But as a movement with its institutions and full-time professionals, its networks of activists, interreligious dialogue is primarily a phenomenon of the 20th century. It is the pressures of this century which have demanded that we mobilise the resources of the great religions for dialogue and peace, purposes which have historically often seemed marginal. In India the realisation that a reasonably unified independence would only be achieved if the religions could work together provided a significant impetus towards the cooperation of religious leaders and institutions. The horrors of Nazi genocide in Europe spurred post-war generations towards a radical review of traditional Christian attitudes towards Judaism. Out of regional tragedies like the wars in Lebanon and in former Yugoslavia have strengthened efforts across the social spectrum to disarm religious hatreds. Resurgence of political radicalism motivated by religion and expressed in religious terms in the last couple of decades has spread renewed awareness and experience of destructive interreligious relations among people in all continents.
Above all, the necessity of responding to the processes of globalisation and the threats of ecological disaster has brought about a fast growing realisation that religions only have relevance to the extent they can work together for humanity and put aside the contentions of the past. Globalisation and migration mean that no community can any longer live in isolation from others: even in countries where there is only one religion, religious pluralism enters through migration, travel, trade, the media and the Internet.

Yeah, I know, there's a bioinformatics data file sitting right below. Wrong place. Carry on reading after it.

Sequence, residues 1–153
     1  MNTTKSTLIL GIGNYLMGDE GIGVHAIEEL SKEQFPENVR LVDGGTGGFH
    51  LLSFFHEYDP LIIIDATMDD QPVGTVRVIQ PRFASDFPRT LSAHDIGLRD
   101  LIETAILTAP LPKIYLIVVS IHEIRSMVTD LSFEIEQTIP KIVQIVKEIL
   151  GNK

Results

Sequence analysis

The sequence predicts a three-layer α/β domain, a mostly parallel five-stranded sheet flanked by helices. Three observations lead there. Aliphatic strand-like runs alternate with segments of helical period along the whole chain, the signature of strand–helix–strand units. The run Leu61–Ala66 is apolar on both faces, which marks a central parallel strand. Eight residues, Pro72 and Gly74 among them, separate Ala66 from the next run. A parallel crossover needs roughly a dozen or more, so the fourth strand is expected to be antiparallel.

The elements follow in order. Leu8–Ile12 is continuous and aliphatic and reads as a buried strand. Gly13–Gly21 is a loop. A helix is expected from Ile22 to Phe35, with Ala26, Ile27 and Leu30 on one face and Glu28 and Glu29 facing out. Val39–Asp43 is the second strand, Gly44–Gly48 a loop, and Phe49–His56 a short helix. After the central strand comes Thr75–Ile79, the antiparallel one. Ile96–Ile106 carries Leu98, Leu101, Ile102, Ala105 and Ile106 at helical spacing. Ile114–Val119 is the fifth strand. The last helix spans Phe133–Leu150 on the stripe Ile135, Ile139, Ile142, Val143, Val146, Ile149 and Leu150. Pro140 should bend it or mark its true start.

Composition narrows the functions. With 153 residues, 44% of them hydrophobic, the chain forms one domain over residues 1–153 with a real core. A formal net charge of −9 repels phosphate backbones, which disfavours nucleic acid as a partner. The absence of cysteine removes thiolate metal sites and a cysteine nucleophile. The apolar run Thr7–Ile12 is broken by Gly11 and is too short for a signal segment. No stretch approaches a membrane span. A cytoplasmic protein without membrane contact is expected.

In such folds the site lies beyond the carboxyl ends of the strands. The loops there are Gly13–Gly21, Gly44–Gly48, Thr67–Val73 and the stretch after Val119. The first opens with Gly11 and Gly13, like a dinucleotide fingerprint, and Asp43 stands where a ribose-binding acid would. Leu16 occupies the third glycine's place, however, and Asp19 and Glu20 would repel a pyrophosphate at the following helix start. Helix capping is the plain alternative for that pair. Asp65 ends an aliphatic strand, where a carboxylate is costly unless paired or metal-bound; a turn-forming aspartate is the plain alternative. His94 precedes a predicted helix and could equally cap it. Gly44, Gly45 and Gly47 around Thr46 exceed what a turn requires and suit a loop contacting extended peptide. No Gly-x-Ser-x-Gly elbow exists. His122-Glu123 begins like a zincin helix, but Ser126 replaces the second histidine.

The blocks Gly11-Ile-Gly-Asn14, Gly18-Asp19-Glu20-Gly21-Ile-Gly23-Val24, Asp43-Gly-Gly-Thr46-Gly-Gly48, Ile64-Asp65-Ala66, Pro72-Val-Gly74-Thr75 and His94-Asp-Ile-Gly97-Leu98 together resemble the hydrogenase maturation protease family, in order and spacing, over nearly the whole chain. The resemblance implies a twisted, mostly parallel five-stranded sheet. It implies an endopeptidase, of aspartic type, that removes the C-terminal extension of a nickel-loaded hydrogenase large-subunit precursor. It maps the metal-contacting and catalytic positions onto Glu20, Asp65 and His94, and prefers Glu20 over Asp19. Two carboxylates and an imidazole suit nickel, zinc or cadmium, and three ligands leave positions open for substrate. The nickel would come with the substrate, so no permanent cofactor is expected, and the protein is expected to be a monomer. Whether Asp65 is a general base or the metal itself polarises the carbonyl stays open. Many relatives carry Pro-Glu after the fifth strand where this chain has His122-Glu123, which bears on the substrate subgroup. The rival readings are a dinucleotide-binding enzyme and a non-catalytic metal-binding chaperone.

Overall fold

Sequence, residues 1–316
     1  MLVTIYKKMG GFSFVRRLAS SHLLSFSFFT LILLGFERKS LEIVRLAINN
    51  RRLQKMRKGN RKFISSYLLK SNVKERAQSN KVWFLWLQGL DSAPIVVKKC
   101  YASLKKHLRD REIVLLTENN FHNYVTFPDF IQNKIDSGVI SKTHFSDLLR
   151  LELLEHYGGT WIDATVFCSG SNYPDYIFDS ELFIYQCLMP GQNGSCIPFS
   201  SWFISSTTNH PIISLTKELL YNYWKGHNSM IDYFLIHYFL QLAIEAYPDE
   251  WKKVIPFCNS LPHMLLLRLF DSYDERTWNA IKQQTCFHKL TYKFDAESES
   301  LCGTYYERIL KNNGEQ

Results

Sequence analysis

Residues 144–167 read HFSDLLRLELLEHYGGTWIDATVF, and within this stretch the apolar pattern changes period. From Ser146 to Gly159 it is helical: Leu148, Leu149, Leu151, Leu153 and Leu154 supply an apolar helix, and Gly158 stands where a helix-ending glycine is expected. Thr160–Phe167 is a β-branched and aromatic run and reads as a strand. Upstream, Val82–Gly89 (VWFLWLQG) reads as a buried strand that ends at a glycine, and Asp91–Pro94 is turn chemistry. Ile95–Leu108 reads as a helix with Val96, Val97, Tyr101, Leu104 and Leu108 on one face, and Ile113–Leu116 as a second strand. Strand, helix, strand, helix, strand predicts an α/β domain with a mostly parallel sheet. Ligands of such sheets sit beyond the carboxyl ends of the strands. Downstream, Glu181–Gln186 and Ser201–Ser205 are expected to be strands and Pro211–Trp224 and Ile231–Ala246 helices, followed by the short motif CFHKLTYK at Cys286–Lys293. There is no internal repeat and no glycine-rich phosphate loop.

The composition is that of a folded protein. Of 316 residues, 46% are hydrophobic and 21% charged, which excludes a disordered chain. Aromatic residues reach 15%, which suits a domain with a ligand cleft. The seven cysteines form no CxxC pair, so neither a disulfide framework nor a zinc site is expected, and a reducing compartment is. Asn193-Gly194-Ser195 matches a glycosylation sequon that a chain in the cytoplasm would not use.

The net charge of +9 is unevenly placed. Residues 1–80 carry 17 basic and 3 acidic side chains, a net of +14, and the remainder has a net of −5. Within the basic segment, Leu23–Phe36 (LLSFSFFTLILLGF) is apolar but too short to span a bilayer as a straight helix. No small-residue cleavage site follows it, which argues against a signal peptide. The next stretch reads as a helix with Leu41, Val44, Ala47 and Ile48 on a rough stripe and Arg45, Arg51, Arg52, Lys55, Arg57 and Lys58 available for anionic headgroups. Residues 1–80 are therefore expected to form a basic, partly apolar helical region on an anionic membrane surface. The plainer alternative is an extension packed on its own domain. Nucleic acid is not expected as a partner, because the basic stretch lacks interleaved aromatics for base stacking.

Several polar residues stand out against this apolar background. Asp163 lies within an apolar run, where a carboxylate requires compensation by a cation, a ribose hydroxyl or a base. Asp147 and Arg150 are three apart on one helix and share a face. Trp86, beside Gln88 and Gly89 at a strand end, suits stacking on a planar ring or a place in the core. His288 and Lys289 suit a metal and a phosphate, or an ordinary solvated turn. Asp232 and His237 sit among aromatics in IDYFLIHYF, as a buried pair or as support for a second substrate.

It is in reaction to such processes that movements for interreligious dialogue have gained growing support. After 1945 Jewish-Christian dialogue found space in a variety of forums, some of which grew into independent agencies and NGOs or were incorporated into existing religious institutions both nationally and internationally. The settlement of Muslim immigrants in Europe led, in some cases, to this being expanded into a Jewish-Christian-Muslim (JCM) movement with regular programmes and events now having taken place for several decades. During the 1960s and 70s the World Council of Churches and the Vatican embarked on major moves towards interreligious dialogue, moves which have made their marks extensively on the whole Christian church and thence on the societies in which the churches are located. Virtually every main national and international Muslim organisation as well many prominent Muslim leaders and scholars have unequivocally expressed their support for the principle of dialogue and have also actively engaged in moving such dialogue forward. It was noteworthy that virtually every speaker at the 10th annual general Islamic conference hosted by the Egyptian Ministry of Religious Affairs in July 1998 spoke of the priority of a dialogue with the Christian West in the coming century. And in the World Conference of Religions for Peace (WCRP) all the major world religions have been very actively represented, with Buddhists and Hindus playing as active a role as have the Abrahamic faiths.